We are beasts, you and I. Total animals. As sophisticated as we might fancy ourselves, we are as zoological as dingoes, goldfish, and llamas. This empirical fact, which is the first principle of the fledgling science known as evolutionary psychology, may seem obvious, but its implications and manifestations are staggering. In Why Beautiful People Have More Daughters, Alan S. Miller and Satoshi Kanazawa detail with fascinating clarity how and why our genes are responsible for just about everything we do.

We accept that salmon spawn, peacocks strut, and dogs howl at the moon because it's part of their innate nature—something in their genes tells them to. Until the advent of evolutionary psychology, scientists agreed that every animal operated this way—except humans. We supposedly emerged as slimy tabula rasa, and our empty brains were instantly filled with socially fabricated gender roles. This means that genitalia aside, men and women are otherwise identical, which should have been clue number one that this was a flawed theory.

Evolutionary psychology contends that the brain is a biological organ that has adapted, much like our hands or eyes, to ensure maximum survival and reproduction. And since spreading your genes around is the primary goal of evolution, it's no surprise that nearly everything boils down to getting laid.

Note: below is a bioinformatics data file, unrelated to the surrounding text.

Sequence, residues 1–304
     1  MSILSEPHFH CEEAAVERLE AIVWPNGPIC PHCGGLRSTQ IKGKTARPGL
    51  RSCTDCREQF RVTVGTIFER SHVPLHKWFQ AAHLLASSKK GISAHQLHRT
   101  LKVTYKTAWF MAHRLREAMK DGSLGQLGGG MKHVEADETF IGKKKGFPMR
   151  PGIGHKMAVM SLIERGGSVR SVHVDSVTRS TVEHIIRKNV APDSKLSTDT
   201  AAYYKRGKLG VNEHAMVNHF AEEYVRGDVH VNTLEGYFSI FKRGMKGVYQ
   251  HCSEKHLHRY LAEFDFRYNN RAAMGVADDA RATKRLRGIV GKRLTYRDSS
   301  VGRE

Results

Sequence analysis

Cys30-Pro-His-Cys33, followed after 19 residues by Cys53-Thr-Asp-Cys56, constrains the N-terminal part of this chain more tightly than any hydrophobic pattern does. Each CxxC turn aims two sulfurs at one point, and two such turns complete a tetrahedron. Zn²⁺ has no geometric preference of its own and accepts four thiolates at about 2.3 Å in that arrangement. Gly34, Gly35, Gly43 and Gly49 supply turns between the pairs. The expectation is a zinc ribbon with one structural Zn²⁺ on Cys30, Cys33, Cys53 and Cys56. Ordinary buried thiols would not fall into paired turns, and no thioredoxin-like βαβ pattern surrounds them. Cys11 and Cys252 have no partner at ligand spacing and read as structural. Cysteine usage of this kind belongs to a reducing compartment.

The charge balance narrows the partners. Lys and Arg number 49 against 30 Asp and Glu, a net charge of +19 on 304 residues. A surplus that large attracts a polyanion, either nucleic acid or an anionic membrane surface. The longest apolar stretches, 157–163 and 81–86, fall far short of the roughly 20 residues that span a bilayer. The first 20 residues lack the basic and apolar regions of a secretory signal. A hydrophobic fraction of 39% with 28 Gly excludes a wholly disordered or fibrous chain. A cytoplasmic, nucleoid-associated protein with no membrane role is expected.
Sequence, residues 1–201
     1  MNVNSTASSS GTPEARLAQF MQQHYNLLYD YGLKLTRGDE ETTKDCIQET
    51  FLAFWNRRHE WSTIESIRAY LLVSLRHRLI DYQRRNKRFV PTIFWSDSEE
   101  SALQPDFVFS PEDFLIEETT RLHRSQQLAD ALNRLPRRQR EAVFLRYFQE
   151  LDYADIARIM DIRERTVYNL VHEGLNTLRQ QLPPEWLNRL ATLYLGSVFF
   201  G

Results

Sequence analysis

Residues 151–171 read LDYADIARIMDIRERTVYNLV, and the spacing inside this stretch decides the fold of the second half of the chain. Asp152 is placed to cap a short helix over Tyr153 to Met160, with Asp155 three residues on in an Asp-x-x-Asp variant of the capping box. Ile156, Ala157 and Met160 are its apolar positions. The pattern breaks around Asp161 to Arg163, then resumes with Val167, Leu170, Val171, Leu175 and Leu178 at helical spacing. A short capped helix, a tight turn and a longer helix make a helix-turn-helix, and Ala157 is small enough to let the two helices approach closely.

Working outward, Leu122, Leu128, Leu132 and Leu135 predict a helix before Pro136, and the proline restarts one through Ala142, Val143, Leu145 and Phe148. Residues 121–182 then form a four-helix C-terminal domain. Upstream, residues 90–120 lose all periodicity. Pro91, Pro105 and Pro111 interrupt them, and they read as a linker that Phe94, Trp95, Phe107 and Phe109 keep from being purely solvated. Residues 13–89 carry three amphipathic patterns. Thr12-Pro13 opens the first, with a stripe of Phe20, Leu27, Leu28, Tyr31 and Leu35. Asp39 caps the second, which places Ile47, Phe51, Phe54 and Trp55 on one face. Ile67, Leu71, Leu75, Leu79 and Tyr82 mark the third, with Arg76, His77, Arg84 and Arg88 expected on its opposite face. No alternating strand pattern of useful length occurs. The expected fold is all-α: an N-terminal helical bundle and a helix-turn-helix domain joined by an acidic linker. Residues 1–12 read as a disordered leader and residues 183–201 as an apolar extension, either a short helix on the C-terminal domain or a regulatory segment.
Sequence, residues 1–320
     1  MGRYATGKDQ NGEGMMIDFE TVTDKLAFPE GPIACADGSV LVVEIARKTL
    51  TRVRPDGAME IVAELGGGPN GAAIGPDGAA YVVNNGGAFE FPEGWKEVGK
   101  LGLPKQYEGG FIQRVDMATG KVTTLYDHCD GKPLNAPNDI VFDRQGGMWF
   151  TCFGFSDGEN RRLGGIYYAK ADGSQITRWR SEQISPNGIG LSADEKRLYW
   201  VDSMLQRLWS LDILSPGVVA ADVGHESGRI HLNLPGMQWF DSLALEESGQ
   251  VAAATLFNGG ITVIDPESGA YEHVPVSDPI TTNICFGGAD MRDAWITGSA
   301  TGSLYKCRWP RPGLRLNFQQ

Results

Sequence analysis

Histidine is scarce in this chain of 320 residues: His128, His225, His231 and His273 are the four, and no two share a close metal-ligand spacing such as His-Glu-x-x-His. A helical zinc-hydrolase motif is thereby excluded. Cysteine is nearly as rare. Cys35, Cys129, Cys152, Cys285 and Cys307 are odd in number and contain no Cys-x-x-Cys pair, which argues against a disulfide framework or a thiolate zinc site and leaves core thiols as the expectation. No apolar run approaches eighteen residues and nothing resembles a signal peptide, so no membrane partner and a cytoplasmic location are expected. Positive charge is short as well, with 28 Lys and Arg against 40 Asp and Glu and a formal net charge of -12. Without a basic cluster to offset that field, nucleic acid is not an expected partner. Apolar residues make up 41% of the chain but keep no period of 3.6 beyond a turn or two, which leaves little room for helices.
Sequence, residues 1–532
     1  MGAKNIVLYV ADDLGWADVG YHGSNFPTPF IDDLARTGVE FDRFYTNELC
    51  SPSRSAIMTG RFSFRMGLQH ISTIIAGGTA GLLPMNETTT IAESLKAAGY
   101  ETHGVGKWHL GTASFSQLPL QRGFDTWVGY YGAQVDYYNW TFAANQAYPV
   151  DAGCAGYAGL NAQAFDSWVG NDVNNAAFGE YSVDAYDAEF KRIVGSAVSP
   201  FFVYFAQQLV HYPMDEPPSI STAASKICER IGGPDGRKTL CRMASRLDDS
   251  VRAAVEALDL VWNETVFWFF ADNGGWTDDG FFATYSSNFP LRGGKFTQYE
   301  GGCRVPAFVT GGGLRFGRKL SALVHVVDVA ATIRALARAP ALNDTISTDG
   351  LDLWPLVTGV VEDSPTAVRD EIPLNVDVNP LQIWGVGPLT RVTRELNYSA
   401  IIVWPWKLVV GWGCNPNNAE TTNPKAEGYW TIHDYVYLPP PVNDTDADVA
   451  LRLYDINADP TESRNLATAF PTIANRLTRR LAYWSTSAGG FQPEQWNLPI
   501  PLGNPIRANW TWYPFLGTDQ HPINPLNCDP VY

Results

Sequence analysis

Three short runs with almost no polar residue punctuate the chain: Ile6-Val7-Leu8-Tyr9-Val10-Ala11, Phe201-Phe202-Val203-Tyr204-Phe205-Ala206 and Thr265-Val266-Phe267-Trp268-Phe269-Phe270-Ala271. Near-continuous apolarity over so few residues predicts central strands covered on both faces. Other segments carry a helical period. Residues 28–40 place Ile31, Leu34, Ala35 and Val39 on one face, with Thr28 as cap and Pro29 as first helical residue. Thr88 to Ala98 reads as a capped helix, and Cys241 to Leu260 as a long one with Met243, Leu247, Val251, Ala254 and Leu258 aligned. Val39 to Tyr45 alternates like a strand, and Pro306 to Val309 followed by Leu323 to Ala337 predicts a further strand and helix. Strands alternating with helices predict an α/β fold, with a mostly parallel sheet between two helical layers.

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From the biological determinants that dictate why women have fewer affairs, why newborns will stare at photos of pretty women longer than at ugly ones, why guys love porn, and why most suicide bombers are Muslims, evolutionary psychology boils it down to genetic hardwiring that has been propagating the human species for the past 10,000 years.

Of course, there are plenty of exceptions to these guiding principles, which the authors address, and they also confess to huge gaps in the field: Homosexuality, for instance, has yet to be "explained" with evolutionary psychology. Beautiful People is sure to upset some people (liberals and feminists, particularly), but the authors have written a science book, and frequently remind us that this is biology, not morality. Even if some of their findings are startlingly politically incorrect, it's impossible to read this book and not see yourself throughout. You can't help it: It's in your genes.

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